Rainbird R-40 balldrives

Discussion in 'Irrigation' started by Dirty Water, Jul 24, 2005.

  1. Dirty Water

    Dirty Water LawnSite Fanatic
    Posts: 6,794

    We recently got the maintenenance contract to maintain the medians and curb grass strips in a small subdivision.

    The originall installers used RB R40's exclusively, even watering areas as narrow as 4 feet (Yes, theres some overspray :D)

    Anyways, when we got there, we fixed a multitude of pipe breaks (Yeah, class pipe under a driveway without a sleeve is so clever).

    About 20 of the R40's refused to spin. Is the R40 that unreliable (the system is only 3-4 years old), or is there a reasion why they crapped out?
     
  2. James234

    James234 LawnSite Member
    from Texas
    Posts: 59

    I've never heard of a Rainbird R40. Did you mean Rainbird R50?
     
  3. Dirty Water

    Dirty Water LawnSite Fanatic
    Posts: 6,794

    Your right, I don't know why I typed R40 :)
     
  4. Wet_Boots

    Wet_Boots LawnSite Fanatic
    Posts: 48,024

    Is this an area with freezing conditions? (thinking of the broken pipes) - There might be a problem with the bypass stator, if it gets warped. I saw that one time, on a system I had taken over maintenance on, and was curious enough about the one non-turning head to take it apart. I 'un-warped' the flexible plastic part, and reassembled the head, and it still works today.
     
  5. YardPro

    YardPro LawnSite Gold Member
    Posts: 3,563

    here they are junk..

    my #1 service call is replacing the r50's becuase they will not turn......
     
  6. Wet_Boots

    Wet_Boots LawnSite Fanatic
    Posts: 48,024

    I never paid R-50's much mind, but I had a number of old ball-drive-rotor installations to service, that these heads were a good match for (low pressure operation, and sometimes a low angle of trajectory needed) the old ones. In a very limited sampling of personal observation, mostly of heads I saw installed, they seem to operate very reliably, once they are properly adjusted for rotation speed.

    But still, that warped stator disc made me wonder if it was a fluke, or a symptom of future breakdowns.

    Any common denominator to the systems the failed heads are in? Sandy water? Incompetent installation boobs who tried to slow down the rotation speed, or mismatched nozzle and stator? (I realize that collecting data is very much secondary to the task of making broken systems run)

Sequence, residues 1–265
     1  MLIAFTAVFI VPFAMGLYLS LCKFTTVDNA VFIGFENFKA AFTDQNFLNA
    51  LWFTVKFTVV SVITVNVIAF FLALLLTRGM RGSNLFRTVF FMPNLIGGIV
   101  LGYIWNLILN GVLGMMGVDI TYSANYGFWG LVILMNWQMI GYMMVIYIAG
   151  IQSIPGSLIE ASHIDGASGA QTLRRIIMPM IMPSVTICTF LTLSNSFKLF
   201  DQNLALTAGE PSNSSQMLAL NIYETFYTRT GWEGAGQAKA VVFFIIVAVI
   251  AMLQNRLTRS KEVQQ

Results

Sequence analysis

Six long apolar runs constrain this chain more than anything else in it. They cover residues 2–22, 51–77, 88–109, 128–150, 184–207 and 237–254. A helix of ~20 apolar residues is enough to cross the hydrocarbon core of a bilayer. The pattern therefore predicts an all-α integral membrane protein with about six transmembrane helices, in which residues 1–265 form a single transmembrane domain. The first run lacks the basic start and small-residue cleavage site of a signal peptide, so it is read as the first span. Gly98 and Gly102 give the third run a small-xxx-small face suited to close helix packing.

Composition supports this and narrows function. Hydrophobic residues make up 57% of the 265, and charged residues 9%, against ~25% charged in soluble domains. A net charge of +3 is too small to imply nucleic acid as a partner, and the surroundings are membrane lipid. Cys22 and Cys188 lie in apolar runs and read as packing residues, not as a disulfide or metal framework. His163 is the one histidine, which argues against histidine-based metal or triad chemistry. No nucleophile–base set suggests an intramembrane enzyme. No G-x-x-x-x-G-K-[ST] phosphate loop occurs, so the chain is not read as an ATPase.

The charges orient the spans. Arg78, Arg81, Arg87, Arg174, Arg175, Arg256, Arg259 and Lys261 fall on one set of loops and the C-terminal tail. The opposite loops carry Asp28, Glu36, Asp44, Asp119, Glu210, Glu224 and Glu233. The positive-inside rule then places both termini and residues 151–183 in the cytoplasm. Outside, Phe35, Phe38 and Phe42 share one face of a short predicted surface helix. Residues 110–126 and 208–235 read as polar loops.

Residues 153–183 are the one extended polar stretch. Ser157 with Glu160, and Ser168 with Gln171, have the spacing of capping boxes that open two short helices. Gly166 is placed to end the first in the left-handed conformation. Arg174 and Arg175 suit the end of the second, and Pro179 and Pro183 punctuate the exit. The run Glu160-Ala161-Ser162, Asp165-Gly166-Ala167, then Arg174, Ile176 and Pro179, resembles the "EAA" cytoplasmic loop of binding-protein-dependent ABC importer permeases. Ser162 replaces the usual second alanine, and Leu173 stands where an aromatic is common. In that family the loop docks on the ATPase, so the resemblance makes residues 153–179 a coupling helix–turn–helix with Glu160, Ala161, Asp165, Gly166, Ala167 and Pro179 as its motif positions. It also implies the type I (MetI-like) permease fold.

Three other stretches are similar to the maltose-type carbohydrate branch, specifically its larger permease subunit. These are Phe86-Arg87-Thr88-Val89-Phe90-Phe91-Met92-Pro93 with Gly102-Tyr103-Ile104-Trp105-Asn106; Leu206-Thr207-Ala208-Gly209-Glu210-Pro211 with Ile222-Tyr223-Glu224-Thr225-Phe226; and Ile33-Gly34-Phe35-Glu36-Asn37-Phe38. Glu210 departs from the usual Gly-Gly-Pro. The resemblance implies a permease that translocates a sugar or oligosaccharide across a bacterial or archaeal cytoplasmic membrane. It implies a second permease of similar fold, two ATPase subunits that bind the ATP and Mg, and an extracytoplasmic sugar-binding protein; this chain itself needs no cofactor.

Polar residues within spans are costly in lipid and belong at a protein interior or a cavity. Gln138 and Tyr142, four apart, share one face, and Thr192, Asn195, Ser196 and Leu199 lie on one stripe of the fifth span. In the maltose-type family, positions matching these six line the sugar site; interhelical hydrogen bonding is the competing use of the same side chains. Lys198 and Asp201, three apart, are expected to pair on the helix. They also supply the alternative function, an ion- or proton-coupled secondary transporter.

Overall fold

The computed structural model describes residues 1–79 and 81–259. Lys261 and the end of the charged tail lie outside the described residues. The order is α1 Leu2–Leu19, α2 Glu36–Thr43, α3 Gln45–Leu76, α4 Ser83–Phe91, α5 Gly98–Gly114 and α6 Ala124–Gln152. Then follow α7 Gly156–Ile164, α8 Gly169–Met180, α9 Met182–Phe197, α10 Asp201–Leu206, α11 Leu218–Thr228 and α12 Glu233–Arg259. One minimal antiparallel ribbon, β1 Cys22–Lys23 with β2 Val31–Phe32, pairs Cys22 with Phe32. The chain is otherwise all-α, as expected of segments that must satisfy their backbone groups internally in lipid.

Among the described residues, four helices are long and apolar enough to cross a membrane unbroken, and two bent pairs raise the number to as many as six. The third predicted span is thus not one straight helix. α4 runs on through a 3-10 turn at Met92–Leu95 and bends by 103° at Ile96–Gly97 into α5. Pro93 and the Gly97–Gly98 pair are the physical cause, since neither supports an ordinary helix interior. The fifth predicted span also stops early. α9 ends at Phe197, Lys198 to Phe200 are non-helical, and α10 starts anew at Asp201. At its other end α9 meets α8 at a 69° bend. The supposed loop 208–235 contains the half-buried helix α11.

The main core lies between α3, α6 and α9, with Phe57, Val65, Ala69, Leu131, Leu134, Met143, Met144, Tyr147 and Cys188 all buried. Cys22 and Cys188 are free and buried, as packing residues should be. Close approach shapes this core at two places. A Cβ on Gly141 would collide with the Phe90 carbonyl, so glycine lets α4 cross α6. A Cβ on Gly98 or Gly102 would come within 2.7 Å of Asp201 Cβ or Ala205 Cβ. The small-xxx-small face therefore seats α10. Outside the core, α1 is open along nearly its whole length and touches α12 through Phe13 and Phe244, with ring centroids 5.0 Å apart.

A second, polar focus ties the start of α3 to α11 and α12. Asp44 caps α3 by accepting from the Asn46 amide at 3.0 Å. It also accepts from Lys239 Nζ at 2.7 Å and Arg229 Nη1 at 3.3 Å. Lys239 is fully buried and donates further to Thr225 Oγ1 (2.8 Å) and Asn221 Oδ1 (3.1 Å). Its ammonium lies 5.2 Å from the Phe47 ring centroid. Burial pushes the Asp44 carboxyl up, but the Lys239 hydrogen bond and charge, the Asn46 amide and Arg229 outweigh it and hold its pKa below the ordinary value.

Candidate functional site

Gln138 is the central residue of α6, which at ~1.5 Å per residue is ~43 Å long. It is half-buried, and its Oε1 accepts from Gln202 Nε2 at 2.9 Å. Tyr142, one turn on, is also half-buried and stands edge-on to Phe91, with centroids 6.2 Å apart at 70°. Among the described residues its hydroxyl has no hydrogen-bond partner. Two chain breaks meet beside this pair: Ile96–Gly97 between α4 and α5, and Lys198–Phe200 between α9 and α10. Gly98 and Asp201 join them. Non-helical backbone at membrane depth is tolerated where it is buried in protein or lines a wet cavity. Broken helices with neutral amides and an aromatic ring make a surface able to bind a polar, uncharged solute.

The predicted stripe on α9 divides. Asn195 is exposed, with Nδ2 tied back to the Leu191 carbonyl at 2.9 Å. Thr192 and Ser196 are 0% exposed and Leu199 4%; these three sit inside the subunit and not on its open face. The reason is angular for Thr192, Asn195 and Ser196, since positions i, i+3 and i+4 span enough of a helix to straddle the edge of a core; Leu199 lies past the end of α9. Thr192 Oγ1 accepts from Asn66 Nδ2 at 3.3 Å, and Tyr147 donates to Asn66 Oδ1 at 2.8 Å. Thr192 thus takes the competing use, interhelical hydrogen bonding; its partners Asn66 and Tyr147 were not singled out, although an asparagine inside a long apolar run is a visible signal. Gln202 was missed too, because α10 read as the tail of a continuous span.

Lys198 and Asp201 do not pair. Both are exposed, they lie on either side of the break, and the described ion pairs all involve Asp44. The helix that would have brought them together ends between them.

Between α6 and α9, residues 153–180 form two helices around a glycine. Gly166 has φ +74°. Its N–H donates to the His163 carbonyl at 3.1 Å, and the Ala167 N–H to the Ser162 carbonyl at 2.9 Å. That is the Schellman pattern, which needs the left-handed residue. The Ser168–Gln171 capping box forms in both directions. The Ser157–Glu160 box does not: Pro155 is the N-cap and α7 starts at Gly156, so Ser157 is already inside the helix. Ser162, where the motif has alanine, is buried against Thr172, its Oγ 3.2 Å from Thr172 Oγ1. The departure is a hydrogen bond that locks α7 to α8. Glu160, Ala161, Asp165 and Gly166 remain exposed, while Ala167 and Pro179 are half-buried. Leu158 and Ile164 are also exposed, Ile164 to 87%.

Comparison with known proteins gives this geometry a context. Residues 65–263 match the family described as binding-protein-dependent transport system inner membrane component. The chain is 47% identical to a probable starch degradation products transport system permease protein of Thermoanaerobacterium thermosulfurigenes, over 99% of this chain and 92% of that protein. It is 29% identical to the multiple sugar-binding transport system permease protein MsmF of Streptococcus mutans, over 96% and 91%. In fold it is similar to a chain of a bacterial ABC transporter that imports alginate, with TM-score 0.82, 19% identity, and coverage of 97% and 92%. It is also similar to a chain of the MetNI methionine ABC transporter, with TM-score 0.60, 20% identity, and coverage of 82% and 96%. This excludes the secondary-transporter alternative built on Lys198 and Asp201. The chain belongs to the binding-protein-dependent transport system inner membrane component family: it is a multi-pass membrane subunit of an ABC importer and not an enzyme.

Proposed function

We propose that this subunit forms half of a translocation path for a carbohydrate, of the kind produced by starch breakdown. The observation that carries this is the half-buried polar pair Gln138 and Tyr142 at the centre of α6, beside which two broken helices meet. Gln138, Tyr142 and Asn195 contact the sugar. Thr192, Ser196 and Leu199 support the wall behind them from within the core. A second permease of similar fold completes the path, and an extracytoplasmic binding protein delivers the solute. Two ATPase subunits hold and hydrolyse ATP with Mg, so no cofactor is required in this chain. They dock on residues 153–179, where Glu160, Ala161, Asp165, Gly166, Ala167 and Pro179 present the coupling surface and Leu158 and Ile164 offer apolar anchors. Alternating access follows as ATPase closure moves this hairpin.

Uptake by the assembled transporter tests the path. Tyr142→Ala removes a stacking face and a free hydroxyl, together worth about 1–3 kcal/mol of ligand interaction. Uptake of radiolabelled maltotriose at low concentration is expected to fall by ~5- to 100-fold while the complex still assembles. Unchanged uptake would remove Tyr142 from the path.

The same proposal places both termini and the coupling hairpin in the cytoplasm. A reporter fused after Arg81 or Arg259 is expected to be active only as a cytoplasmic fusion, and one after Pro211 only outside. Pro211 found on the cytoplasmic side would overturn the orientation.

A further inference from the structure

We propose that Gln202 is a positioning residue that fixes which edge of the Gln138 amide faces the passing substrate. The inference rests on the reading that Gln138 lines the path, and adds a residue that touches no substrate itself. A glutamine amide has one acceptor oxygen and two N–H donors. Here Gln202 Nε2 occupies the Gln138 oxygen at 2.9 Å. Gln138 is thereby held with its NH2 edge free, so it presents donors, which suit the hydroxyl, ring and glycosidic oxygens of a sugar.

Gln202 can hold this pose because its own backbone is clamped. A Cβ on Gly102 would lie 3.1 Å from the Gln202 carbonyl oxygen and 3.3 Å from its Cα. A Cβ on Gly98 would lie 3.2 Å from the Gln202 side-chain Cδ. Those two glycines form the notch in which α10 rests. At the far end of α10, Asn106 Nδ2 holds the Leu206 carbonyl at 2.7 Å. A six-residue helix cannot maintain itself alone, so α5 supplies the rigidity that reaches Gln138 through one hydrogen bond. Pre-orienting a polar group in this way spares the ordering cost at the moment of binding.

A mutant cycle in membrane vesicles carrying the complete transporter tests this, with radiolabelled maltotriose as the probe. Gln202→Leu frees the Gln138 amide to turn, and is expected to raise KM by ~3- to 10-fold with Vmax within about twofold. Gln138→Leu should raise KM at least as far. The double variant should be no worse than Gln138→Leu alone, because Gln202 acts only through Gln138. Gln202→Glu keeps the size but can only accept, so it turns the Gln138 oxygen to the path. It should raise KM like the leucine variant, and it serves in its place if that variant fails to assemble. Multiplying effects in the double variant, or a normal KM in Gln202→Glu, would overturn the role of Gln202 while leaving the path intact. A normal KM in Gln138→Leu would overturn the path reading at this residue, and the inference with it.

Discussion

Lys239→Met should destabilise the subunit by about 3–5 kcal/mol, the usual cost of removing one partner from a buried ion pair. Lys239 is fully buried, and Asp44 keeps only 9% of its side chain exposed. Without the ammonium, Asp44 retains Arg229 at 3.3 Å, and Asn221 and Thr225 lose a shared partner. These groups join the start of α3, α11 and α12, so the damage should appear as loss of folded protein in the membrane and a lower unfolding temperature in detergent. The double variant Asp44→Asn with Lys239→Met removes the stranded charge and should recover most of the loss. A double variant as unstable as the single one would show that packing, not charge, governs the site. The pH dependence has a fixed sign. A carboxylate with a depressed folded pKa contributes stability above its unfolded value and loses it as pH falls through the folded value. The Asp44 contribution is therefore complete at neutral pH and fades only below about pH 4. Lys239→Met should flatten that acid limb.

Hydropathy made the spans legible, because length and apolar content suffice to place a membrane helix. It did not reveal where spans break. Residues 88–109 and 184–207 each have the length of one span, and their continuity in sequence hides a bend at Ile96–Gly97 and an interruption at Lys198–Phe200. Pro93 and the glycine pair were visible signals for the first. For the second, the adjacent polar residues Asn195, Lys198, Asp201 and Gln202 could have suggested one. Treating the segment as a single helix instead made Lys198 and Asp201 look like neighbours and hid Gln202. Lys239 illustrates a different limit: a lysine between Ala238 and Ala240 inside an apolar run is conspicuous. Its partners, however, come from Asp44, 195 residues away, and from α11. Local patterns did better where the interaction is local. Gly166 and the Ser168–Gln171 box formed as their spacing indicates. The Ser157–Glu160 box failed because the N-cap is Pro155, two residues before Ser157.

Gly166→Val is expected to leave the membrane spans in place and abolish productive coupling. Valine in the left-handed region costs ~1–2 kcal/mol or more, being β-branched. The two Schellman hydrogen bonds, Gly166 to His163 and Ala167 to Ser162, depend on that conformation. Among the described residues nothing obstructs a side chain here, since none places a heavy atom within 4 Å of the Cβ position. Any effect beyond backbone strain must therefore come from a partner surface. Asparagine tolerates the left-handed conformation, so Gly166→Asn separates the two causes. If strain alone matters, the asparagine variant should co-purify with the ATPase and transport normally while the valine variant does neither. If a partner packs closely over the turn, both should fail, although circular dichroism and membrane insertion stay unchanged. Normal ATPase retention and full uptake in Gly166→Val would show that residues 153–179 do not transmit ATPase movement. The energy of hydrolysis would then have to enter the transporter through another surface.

7. DanaMac

    DanaMac LawnSite Fanatic
    Posts: 13,156

    Replaced many of 'em. Hate 'em!!
     
  8. Wet_Boots

    Wet_Boots LawnSite Fanatic
    Posts: 48,024

    Obviously, Rainbird must have data on them, but most manufacturers aren't eager to share the details of any goofs of theirs. I did see a sheet detailing modifications to one Rainbird rotor (the T-Bird, I think) and there were plenty of changes made. I'd prefer they figured this stuff out before they release these products. I think the earliest dates of manufacture on the (still-working-reliably) R-50's I've seen are 1993. I'd still want to hear from someone who installed the heads, and changed their mind, before I write off the R-50's. There's too much possibility of installer errors, for me, sight unseen, to assume it was all the sprinklers' fault.

    Certainly, the ball drive concept is a proven one, with a track record for some of the ball-drive sprinkler heads that surpasses any gear-drive sprinkler ever made.
     
  9. James234

    James234 LawnSite Member
    from Texas
    Posts: 59

    The early Rainbird R-50's were made in the USA. The exterior case and top were green in color. These rotors were not ready for prime time. The cases did not seal properly and debris intrusion was a constant problem. Rainbird recognized the problem and offered new seal kits for these rotors. I just got through this year in replacing the last of these in my systems.

    The newer R-50's are made in Mexico and the cases are all black in color. Rainbird made a few internal modifications to the newer rotors as well such as stronger retraction springs and making it easier to adjust the flow rate and nozzle match. They are now called TDR-2/R-50 and they out perform every other rotor on the market. Most professionals dislike them because they are so widely available via Home Depot, Lowes, etc. for do-it-yourself installation by the average homeowner.
     
  10. Dirty Water

    Dirty Water LawnSite Fanatic
    Posts: 6,794

    These are the all black ones.

    I also disagree with you on the "out perform all rotors" statement.

    These are junk.
     

Share This Page